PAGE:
The pace of transformation in the payments sector and the corresponding impact on financial institutions has significantly evolved over the last few years. Customers of all shapes and sizes are increasingly demanding payment capabilities that are more efficient, faster, less costly, and offer greater resilience and security. In addition, regulatory change and technology advances in areas such as cloud computing, both add to the pressure on financial institutions to invest in their payments offering or risk being left behind by competitors who are.
Customers are the main drivers behind banks investing in their payments systems
69% of banks said their payments modernisation programmes reflect the reality that customer expectations are changing. Customers expect an improved digital experience, better security and protection from fraud, and the ability to track payments. As technology continues to evolve and consumer behaviour changes, organisations will increasingly be expected to provide a digital experience that offers faster payments and greater security.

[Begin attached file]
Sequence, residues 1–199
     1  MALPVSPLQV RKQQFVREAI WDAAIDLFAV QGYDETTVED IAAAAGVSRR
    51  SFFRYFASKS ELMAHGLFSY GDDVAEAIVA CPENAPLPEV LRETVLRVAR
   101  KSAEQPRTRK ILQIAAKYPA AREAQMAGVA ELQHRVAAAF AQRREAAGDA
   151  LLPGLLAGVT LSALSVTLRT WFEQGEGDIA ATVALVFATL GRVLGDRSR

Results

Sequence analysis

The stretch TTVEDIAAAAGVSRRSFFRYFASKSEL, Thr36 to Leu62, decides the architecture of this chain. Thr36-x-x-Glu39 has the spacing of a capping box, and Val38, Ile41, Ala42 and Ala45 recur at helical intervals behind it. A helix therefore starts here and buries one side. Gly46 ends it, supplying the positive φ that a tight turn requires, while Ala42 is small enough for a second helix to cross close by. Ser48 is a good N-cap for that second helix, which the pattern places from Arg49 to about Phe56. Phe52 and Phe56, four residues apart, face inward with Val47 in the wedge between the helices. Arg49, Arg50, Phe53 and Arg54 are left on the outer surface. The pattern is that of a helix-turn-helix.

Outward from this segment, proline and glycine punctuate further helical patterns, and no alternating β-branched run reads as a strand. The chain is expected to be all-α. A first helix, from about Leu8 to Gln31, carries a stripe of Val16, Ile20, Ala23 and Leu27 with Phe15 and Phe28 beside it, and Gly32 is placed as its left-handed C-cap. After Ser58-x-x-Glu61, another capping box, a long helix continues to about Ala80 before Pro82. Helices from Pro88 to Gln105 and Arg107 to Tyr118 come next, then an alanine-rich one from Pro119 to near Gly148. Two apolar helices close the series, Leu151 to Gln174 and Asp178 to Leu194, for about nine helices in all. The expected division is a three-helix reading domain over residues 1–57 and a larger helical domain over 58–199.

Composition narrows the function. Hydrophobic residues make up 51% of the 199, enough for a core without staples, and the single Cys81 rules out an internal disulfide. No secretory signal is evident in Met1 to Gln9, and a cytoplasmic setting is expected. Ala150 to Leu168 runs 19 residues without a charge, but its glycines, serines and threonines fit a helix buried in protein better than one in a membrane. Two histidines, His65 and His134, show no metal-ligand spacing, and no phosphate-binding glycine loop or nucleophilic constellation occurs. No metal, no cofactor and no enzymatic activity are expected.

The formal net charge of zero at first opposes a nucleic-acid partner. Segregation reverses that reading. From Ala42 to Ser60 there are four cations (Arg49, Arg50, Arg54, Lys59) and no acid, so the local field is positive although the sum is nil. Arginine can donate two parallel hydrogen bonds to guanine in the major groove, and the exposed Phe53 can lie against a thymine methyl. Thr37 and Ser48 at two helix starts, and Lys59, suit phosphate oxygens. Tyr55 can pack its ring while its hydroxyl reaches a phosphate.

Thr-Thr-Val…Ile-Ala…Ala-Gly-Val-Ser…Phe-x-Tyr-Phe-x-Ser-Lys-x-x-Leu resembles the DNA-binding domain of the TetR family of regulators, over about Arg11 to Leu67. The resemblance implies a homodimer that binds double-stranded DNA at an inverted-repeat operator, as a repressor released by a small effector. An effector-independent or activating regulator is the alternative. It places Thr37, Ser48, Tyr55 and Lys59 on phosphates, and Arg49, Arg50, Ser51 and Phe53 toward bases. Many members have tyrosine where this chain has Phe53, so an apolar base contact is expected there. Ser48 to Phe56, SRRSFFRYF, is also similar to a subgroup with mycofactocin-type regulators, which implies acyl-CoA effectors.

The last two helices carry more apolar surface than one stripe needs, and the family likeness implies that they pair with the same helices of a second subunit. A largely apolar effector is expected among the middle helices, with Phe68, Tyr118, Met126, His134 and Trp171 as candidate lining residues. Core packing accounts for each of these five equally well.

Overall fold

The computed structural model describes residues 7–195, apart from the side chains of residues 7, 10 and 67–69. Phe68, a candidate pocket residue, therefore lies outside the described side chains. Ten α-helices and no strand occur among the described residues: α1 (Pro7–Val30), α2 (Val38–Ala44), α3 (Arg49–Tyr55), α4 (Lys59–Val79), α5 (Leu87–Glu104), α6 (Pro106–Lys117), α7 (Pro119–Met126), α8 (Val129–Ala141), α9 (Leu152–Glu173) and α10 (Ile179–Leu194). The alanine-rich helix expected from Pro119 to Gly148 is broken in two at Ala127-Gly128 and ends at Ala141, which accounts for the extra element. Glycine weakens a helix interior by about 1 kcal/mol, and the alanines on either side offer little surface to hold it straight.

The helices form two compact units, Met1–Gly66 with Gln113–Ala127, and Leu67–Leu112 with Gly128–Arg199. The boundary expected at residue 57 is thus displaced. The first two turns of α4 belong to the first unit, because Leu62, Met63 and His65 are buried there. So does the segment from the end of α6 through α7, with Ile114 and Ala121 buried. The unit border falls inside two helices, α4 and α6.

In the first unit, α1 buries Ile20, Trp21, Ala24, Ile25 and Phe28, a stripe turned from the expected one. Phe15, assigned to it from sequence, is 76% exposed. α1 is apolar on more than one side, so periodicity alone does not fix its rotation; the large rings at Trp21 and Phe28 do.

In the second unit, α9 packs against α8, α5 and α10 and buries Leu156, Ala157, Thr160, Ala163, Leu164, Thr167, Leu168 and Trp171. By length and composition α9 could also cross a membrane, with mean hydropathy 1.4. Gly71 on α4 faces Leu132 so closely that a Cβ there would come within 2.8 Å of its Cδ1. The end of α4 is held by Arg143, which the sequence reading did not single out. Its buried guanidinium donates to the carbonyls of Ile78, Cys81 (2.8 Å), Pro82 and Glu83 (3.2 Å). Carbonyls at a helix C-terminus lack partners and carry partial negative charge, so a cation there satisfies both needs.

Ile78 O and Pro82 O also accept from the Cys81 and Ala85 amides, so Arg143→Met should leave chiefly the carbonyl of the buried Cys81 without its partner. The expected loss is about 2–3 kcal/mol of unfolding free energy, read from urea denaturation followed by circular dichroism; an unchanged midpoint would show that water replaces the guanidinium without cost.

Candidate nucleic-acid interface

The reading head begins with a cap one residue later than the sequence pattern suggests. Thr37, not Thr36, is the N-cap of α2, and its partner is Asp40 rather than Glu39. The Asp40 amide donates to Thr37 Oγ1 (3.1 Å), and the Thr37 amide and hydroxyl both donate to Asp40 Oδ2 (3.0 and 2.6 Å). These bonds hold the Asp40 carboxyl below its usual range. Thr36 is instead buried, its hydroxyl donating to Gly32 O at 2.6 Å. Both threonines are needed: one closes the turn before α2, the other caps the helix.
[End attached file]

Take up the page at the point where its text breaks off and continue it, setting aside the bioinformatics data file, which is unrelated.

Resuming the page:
Peter Harmston, Partner and Head of Payments Consulting at KPMG UK said: “Customers should be central to why organisations embark on modernising their payments architecture. This is both to meet changing customer expectations, but also to deliver enhanced benefits such as increased security and better fraud mitigation.”
“The payments sector has experienced a relentless pace of change over the last few years which will likely slow down in the future. Banks must keep up to date with the latest technology to enable processes to be streamlined and further improve customer experiences.”